Welcome to Front & Center, a series highlighting front of the house professionals in New York City restaurants. Right now, lawyer, restaurant obsessive, and food world writer Jasmine Moy writes about Victor, a barman at Esca:
Half a decade ago, working late nights and most weekends at a law firm in Times Square, I first stumbled into Esca on an early night off. I'd seen a photo of their famous linguine and clams somewhere and though I was unprepared for the formality at the door, the dining room, I learned, is almost always fully booked. I was offered the coat check and a seat at the bar.
On the short and stout side, with a grey crew cut and the energy (and memory) of someone half his age, Victor, Esca's immutable bartender, is the quintessential master of ceremonies. If he doesn't already know your name, he'll make sure to learn it before your seat has a chance to get warm. And once that's settled he'll go on to introduce you to the other four or five people sitting alongside you.
Born and raised in the East Village, he loves to talk about the apartment that he and his wife gave up when they needed more space to start their own family. The rent of the apartment they were vacating, in which Vic was raised: $67. His easy-going disposition never waivers, even when discussing the often sorry state of his beloved Mets.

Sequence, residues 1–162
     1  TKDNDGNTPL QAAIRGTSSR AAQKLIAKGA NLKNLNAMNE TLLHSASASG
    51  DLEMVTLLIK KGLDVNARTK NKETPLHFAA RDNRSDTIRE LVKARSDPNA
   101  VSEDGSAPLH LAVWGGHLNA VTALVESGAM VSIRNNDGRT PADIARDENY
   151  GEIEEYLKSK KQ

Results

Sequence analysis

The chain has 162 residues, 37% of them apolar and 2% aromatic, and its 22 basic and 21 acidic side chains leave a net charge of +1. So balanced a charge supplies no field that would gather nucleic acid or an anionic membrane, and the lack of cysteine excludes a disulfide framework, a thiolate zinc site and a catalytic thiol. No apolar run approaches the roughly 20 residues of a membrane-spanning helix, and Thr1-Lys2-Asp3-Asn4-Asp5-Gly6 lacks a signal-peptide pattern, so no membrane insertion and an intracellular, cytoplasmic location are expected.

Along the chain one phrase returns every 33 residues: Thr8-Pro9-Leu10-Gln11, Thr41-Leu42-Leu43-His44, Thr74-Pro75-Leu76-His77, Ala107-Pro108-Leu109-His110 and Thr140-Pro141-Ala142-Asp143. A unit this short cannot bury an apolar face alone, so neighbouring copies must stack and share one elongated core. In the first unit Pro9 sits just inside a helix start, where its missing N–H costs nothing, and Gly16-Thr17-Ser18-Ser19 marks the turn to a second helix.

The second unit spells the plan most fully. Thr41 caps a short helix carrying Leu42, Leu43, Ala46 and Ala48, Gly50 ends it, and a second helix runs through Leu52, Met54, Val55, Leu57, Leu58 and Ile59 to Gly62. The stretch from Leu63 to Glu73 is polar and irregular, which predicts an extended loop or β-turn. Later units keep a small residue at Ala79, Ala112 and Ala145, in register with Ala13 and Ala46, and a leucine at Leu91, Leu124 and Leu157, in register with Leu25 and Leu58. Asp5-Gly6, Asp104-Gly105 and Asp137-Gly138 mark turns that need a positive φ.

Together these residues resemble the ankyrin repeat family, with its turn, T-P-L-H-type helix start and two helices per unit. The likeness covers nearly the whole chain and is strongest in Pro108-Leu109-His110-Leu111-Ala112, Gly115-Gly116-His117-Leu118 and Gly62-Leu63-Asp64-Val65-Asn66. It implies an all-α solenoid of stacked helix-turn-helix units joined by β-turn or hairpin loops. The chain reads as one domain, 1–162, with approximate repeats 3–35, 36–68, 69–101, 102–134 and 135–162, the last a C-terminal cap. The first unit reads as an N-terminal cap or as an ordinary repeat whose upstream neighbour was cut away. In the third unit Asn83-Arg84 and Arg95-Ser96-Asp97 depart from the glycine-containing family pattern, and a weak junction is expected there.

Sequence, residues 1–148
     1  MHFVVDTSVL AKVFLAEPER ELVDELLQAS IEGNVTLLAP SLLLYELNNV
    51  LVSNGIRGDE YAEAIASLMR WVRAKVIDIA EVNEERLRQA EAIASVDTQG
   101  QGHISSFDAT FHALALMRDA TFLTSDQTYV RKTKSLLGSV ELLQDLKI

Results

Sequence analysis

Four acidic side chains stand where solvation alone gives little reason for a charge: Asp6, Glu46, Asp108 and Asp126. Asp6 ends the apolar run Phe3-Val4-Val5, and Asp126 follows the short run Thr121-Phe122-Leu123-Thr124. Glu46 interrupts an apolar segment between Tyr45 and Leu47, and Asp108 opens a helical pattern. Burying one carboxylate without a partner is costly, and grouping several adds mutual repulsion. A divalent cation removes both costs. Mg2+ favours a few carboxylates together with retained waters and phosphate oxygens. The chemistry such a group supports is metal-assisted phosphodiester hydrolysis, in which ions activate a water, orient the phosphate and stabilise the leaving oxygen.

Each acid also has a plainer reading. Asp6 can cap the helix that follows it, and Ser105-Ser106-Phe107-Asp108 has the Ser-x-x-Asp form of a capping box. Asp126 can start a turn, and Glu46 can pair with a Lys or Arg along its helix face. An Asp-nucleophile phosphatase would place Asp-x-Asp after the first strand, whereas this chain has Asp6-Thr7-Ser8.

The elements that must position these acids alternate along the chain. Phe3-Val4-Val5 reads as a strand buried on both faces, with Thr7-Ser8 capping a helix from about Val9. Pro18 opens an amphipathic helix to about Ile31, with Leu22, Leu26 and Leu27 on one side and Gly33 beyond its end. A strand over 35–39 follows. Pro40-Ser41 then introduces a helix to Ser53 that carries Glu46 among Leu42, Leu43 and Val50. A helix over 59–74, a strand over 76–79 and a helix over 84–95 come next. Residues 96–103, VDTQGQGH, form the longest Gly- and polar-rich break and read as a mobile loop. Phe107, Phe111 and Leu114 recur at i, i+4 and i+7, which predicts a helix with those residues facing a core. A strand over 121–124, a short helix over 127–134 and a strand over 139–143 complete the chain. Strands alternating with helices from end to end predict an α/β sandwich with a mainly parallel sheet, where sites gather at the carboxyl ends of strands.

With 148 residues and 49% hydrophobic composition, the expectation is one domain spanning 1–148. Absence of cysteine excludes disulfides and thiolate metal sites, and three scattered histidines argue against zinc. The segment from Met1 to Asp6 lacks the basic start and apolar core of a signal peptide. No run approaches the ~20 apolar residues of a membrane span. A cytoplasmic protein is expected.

It's impossible to leave Victor's bar without making a few acquaintances, or even friends. Under Victor's spell, any food on anyone's plate is being offered to whomever is sitting on either side of you. Oysters abound, wine flows, arriving solo on a Valentine's Day a few years back, yellow calla lilies appeared for the ladies.
I'd very rarely eat alone at bars before I met Victor. And although there's nobody in town like him, he made Esca my gateway drug; I now only eat at tables begrudgingly anywhere I go. And although the food at Esca is pretty damn good, I now mostly go for the company, watching in awe as Vic does his thing.
[Photo via L+L Design Studio]